Restaurants That Should Have Never Gone Away, Part 1

It's one of the great tragedies of life. A favorite restaurant, diner, eatery or even a hot dog stand disappears -- sometimes in its prime. There's nothing to do about it. Nobody to complain to. There's only heartfelt reminiscing with others who share your longing. Time will heal those wounds. And just when you think the pain has finally subsided, here we come to make it fresh again. You're welcome!

This is part one of our take on those restaurant that should have never closed.

East Coast Fisheries, Downtown Miami
Located in a rickety Mediterranean revival building right on the Miami River, East Coast Fisheries opened in 1933 (the first tenant was Miller's Fish Market, which started business in 1926) and finally closed in 2000. So what if the building leaned a bit? There was no better place to suck down some fried smelt. Despite the dilapidated structure, the food was top class and in its heyday, rivaled Joe's Stone Crabs for the most popular in town.

Biscayne Cafeteria, Coral Gables.
This was an old school buffet-style restaurant on Miracle Mile that closed earlier this decade. The fare was fair, but it is the feel of the place that will be missed most. Waiting in the buffet line - which snaked around the restaurant--was like traveling through a corridor in time. Servers in Civil War-like uniforms would take your tray from the end of the buffet line to your table and shuffle the plates off with grace and efficiency. They always had a fresh cooked turkey ready to slice and mashed potatoes and gravy so thick it had to be served with an ice cream scooper.

WPA, Miami Beach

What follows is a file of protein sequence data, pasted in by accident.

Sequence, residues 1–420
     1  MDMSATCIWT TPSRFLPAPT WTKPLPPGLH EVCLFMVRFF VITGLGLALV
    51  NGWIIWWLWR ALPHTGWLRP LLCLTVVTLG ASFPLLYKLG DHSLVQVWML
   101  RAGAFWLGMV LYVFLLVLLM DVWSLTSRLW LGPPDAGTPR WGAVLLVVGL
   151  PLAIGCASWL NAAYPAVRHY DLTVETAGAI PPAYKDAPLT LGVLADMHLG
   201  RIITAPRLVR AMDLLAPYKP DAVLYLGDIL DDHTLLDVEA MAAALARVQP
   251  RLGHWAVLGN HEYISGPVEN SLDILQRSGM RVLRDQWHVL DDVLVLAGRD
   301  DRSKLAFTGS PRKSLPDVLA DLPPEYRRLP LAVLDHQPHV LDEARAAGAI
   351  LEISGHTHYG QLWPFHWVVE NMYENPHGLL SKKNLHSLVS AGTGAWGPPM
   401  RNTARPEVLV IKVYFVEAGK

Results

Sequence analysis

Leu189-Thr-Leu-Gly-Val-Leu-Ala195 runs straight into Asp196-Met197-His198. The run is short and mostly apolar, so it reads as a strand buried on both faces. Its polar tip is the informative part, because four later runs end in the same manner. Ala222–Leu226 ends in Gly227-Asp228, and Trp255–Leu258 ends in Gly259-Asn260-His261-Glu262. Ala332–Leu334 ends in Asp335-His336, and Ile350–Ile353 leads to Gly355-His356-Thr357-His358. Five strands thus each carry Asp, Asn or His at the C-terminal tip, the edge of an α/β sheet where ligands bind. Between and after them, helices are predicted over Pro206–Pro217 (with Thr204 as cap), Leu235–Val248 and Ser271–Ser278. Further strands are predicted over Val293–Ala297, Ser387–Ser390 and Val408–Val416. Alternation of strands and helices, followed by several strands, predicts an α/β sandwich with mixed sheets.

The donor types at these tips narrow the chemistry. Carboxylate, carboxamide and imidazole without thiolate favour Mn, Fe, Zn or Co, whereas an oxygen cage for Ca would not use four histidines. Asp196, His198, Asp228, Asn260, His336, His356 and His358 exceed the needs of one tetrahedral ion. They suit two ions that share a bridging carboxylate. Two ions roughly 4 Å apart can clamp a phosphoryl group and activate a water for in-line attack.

In its time, the early 1990s, WPA  (on Washington Avenue and Sixth Street) was the coolest place to be seen eating in South Beach. A combination of huge Works Progress Administration-themed murals lined the walls and the sheer size of servings made this the go-to spot before you went to The Spot. And it was cheap. Try finding such a place on the Beach today.

Dixie Cream Donuts, Cutler Ridge
A gathering spot for all of South Dade before Hurricane Andrew cruelly took it away from us in 1992, Dixie Crème was a donut shop the likes of which don't exist in Miami today (Velvet Crème is also gone). Sorry but Dunkin Donuts just doesn't cut it when compared to the made- from-scratch specialties including the never to be replicated Peanut Butter and Jelly Donut. Remember those coffee mugs hanging on the walls. Where have you gone Otto Kaufman?

Wolfie's and Wolfie Cohen's Rascal House, Miami Beach and Sunny Isles Beach
Wolfie Cohen's Jewish delicatessens used to be institutions on the water in South Florida, but they've been taken from us in the last decade. Wolfie's (on the corner of Collins and 21st St.) went first in 2002 and the Rascal House (172nd and Collins) followed in 2008. These delis served the likes of the Rat Pack and the Beatles in their day, and despite the thousands of restaurants that have followed them, nothing matches their style. The huge lighted Wolfie's sign in South Beach and the Miami Modern signage of the Rascal House (which came down initially in 2005 thanks to Hurricane Wilma) will never be duplicated. Damn we miss those pickles on the table.

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